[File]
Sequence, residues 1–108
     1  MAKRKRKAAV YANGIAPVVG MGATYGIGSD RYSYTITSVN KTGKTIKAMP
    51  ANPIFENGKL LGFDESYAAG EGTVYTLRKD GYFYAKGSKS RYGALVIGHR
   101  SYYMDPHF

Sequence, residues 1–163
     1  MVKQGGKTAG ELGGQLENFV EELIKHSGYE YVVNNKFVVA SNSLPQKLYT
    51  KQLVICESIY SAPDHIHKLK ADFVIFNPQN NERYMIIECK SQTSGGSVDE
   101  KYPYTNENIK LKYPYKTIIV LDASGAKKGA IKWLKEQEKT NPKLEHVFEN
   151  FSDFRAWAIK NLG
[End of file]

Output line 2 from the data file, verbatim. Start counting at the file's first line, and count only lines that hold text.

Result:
     1  MAKRKRKAAV YANGIAPVVG MGATYGIGSD RYSYTITSVN KTGKTIKAMP